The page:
What do the young British men who travel to fight, and possibly die, for Islam read before hitting the road? Well, in the case of Yusuf Sarwar and Mohammd Ahmed - both 22 years old and from Birmingham and who recently pleaded guilty to terror charges in the UK following a spell in Syria - the jihadist’s reading list is: Islam for Dummies and The Koran for Dummies.
The two set off for Syria in May 2013, spending eight months in the war torn country, fighting alongside Islamic extremists. While there, Ahmed relayed instructions on how to reach the battlefield – through Turkey – to a woman in the UK, who was subsequently detected when she unwittingly passed the information on to an undercover police officer.
Sarwar and Ahmed returned to the UK in January, encouraged to return by their concerned families. They were arrested at Heathrow on their return and, despite initially claiming they had travelled to undertake humanitarian work, soon admitted preparing to carry out terrorist attacks. They are now awaiting sentence.
In court the details of their plan emerged, including that the pair had bought Islam for Dummies and The Koran for Dummies before travel. Presumably the religious theory aspect of the Islamic State entrance exams is accommodating to those still getting to grips with the watered down basics of the religion they wish to kill and die for.
The involvement of young British men in the Islamic State’s (IS) war in Syria and Iraq has been thrown front and centre this week with the publishing of the video of the execution of American journalist James Foley. The man who murdered Foley speaks to the camera with a southern English, perhaps London, accent. An American journalist, executed by a British man fighting for a multi-national, stateless army waging a holy war in the lawless lands between Syria and Iraq. A problem borne of the age of globalisation and one that everyone – from politicians to the wider public – seem unable to properly comprehend, let alone adequately address.
Estimates of Britons fighting for IS range from 500 to 2000. If the latter figure – strongly disputed as it is – were true, it would mean more British men have signed up to fight for IS than the British Army. Taking either figure as accurate we can estimate somewhere between just 0.015 and 0.7% of the total British Muslim population has taken up arms to fight the West.
The debate over European born Muslim men going to fight in the Middle East has been run through repeatedly in the last few days, including discussion of the prevalence of Irish born fighters in the wars of the Middle East – although the initial reports of this may have been somewhat misleading of the true scale of the issue here. There have been no reports of any Irish citizen fighting for the Islamic State. Fear of a rapidly evolving, global menace seems to grow with each story of a Western born young man committing atrocities in the name of Allah. But to what extent is the role of religion given disproportionate weight at the expense of examining the myriad of other factors that influence young men to take extreme measures in their lives?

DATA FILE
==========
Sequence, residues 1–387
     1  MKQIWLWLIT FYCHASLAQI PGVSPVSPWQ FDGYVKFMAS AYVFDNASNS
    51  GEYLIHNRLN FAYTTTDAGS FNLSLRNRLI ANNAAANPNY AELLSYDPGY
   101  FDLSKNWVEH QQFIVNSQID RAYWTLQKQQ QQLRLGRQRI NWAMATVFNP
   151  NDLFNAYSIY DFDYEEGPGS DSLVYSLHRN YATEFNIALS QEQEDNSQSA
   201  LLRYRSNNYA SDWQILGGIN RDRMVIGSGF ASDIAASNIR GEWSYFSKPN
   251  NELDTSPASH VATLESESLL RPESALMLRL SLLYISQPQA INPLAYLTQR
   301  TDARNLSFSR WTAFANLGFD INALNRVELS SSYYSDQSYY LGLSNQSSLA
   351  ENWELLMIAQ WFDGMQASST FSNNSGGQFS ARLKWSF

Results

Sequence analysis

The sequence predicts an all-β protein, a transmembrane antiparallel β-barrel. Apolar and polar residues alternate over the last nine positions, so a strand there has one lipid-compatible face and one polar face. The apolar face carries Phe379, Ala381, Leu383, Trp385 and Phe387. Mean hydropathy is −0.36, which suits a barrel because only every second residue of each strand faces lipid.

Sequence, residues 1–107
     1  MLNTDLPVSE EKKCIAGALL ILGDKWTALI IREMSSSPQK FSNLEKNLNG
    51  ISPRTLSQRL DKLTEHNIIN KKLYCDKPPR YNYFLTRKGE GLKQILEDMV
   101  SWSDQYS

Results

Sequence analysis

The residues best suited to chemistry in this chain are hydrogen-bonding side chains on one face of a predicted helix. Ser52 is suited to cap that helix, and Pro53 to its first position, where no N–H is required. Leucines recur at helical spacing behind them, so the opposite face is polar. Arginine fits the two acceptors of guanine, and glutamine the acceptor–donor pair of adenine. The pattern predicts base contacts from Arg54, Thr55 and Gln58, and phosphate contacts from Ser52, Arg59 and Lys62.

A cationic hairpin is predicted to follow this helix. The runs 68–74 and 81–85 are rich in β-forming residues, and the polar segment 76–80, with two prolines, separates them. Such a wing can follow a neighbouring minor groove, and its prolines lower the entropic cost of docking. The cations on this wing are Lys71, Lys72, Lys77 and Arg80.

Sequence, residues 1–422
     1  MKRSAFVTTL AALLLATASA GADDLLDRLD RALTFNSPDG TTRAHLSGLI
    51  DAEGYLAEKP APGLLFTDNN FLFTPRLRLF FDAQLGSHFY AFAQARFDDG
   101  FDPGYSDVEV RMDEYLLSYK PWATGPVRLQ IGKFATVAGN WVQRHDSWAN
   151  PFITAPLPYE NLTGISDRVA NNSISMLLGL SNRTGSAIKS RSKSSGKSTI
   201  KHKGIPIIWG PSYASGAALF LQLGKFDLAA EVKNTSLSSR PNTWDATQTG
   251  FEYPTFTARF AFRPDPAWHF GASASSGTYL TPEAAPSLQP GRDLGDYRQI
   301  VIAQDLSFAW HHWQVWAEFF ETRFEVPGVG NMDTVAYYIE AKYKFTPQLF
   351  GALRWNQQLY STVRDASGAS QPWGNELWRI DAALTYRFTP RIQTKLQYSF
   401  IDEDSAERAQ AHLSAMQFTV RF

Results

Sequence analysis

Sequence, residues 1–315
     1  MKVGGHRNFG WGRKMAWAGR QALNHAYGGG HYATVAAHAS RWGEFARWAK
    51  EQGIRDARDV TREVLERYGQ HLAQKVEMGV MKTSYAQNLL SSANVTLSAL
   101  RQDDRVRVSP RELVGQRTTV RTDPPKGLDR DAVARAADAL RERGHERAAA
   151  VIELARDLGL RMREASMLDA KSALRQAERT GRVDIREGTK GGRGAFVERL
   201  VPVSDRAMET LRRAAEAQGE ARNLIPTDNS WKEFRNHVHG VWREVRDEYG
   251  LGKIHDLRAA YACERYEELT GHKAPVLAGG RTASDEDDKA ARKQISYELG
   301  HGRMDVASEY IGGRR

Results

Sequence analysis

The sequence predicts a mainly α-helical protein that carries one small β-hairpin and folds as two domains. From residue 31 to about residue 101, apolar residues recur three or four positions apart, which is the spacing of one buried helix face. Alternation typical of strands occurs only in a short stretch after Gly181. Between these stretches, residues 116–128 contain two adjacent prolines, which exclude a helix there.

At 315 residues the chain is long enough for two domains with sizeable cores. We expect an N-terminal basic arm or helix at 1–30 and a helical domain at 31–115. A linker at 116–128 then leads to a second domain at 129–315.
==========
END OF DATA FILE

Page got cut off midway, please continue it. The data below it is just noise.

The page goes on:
The Amazon shopping baskets of the Ahmed and Sarwar provide perhaps the best illustrative example yet that the siren luring thousands of young Muslim men to the call of martyrdom and fanatical, fundamental holy war is not the teachings of a religion, but something else. Something both societal and internal. It also warns us that categorising religious devotion as the core motivator may be to drastically misdiagnose the problem.
Mehdi Hasan, who brings us the news of the pair’s pre-jihad study curriculum, and proposes a strong argument against laying the blame for radicalisation at the door of Islam, comments that:
“The swivel-eyed young men who take sadistic pleasure in bombings and beheadings may try to justify their violence with recourse to religious rhetoric – think the killers of Lee Rigby screaming “Allahu Akbar” at their trial; think of Islamic State beheading the photojournalist James Foley as part of its “holy war” – but religious fervour isn’t what motivates most of them.”
Daniel Hannan makes the point in the Telegraph that:
“One observation made by almost all the experts who have studied Western-born Islamic militants is that they fit the classic profile of the terrorist down the ages: male, typically in their twenties or early thirties, with some education, narcissistic, lacking in empathy, lonely, unsuccessful with women, often with a history of petty crime.”
Hasan points us towards the excellent Chris Morris satirical comedy ‘Four Lions’ as one of the best ways of understanding home-grown holy war. The story of a group of ignorant, incompetent British Muslims who plan jhad on the streets of Britain is superb entertainment and excellent comedy, but it’s underlying message is best summed up by Morris when he says: “Terrorism is about ideology, but it’s also about berks.”